Have you ever noticed a little blood when you spit your toothpaste out after brushing your teeth? Do your gums ever bleed after flossing? While often not accompanied by any pain and a fairly common condition, bleeding gums should not be ignored. There are several reasons why your gums may be bleeding, some more serious than others. The good news is, once you and your dentist figure out why your gums are bleeding, you should be able to come up with a successful treatment plan.
Here are the three most likely reasons your gums are bleeding when you brush or floss your teeth, and steps you can take to solve the problem.
- Brushing Technique
Your gums could be bleeding simply because you are brushing too hard. It is a common misconception that the harder you brush, the cleaner your teeth will be. In fact, brushing too hard will not only hurt your gums (hence the bleeding), but it will also cause damage to the enamel on your teeth. The best toothbrushing technique is to place your brush at a 45-degree angle and use short, gentle strokes, brushing for an entire two minutes. A good indicator that you are brushing too hard is if the bristles on your toothbrush are flattened and frayed. And speaking of toothbrushes, make sure you are using a soft-bristled brush which will be much gentler on your teeth and gums.
- New to Flossing
If you’ve just decided to start flossing regularly, your gums may bleed a little at the beginning. This is because the gum tissue is sensitive. If the bleeding stops quickly and there is only a small amount of blood, give it a week and your gums should adjust and not bleed anymore when you floss. If the bleeding continues, be sure to make an appointment with your dentist. Even if there is some bleeding, the last thing you want to do is stop flossing. In fact, the more you floss, the quicker the problem should resolve if it’s only a matter of toughening up your gums.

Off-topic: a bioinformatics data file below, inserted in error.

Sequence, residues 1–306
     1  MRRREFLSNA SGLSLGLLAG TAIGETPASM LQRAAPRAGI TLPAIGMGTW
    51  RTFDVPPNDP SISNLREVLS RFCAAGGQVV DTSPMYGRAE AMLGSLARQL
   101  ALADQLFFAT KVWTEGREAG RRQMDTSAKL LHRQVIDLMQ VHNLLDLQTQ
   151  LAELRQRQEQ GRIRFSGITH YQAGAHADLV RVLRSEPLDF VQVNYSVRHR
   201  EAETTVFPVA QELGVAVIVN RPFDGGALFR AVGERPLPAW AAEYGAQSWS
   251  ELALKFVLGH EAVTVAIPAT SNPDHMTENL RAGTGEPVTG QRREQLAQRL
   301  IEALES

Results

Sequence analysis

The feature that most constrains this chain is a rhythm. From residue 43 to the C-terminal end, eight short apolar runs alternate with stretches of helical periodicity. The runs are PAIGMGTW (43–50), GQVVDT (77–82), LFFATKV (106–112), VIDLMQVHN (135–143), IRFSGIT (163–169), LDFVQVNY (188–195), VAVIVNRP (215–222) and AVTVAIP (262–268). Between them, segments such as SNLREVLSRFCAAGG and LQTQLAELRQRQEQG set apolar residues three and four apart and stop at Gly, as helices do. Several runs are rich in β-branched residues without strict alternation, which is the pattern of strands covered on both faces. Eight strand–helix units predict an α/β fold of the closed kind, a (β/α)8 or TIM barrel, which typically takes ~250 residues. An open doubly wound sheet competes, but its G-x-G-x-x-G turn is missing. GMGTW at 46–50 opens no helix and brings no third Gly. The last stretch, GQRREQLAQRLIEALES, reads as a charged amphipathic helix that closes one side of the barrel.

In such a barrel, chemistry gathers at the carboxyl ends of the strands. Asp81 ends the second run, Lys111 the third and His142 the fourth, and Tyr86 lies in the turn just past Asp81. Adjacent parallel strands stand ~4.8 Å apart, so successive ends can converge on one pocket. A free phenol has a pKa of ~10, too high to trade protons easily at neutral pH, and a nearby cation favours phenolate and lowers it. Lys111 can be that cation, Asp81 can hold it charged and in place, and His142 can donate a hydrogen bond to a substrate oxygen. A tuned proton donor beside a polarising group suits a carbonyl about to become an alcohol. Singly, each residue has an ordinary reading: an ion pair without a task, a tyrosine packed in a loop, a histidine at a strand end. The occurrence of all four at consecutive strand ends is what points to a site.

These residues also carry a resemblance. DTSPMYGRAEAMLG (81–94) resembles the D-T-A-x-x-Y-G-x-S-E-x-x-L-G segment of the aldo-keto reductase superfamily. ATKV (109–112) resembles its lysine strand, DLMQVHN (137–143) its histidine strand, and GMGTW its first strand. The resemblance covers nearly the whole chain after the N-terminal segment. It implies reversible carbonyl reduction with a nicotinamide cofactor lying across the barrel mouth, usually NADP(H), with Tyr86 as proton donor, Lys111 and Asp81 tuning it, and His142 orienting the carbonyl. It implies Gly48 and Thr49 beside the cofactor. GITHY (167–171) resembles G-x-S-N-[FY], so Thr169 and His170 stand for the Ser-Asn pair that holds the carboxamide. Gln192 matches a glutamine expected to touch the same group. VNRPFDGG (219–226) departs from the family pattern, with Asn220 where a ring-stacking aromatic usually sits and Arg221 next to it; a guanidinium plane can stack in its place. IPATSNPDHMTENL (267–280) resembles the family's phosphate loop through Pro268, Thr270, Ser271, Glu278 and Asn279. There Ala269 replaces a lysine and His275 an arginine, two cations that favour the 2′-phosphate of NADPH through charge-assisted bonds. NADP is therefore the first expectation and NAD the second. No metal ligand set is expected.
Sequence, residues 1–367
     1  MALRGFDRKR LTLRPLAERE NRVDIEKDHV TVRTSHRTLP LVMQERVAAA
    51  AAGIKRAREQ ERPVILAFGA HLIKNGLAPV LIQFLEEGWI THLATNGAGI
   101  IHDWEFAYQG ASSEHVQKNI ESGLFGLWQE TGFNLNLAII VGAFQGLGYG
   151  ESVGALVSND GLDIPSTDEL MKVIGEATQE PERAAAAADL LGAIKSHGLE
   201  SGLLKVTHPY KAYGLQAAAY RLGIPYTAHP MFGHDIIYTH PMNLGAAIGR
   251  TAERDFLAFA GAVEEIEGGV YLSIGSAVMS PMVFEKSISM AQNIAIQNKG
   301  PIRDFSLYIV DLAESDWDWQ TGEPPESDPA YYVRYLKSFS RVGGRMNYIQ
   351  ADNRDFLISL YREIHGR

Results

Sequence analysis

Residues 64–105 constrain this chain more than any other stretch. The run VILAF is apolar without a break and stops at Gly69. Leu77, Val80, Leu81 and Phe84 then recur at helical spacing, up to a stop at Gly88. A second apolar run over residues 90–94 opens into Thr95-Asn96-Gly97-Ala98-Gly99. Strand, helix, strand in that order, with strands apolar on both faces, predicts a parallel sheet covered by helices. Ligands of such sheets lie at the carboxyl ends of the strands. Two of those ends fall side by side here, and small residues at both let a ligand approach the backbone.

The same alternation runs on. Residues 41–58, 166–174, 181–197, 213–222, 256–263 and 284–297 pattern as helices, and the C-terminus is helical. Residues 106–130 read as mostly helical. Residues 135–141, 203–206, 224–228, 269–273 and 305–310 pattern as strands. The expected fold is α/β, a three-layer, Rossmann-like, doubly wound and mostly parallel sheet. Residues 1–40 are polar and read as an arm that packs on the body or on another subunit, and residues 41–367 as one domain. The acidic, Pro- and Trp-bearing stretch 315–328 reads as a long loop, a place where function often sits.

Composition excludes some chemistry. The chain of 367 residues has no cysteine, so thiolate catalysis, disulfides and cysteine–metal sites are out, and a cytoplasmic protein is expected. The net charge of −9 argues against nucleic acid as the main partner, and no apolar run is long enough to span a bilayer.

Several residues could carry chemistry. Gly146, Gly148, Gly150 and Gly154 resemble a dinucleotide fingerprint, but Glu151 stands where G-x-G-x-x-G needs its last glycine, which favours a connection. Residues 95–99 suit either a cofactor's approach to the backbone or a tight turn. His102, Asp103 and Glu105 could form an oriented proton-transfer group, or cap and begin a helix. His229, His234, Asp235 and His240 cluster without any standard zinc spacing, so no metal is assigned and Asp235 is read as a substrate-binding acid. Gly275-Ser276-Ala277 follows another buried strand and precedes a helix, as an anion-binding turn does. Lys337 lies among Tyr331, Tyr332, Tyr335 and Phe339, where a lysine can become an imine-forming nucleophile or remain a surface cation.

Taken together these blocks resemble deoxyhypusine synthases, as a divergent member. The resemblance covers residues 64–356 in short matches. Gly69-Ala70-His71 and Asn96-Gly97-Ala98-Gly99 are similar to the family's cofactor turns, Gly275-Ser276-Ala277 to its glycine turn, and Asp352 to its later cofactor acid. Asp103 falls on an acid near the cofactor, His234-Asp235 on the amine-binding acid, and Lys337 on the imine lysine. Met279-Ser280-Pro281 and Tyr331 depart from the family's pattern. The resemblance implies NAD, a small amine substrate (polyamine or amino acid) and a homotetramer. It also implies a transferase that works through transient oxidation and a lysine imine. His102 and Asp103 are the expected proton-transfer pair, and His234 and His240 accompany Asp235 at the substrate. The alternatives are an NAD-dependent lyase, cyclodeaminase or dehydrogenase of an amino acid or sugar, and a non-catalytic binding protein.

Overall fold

Bleeding gums can be one of the early signs of gingivitis, a common—and treatable—periodontal disease that causes inflammation of the gums. Gingivitis is caused by a buildup of plaque and results in irritation and swelling at the base of your teeth. Left untreated, gingivitis can turn into a more serious disease called periodontitis which can lead to tooth loss. Gingivitis can be easily detected by your dentist or dental hygienist, so if you are visiting your dentist for a routine checkup and cleaning every six months, gingivitis will be detected early. You want to identify gingivitis early because there are things you can do at home to reverse the problem. Your dentist will help you come up with the best treatment plan for you, but to be sure at least part of that plan will include brushing at least twice a day for two minutes each time and flossing at least once a day.
If you notice blood when you brush or floss your teeth, don’t just ignore it. At Cornerstone Family Dentistry we would love to help you get to the root of the problem and find a treatment plan that works for you, so make an appointment with us today!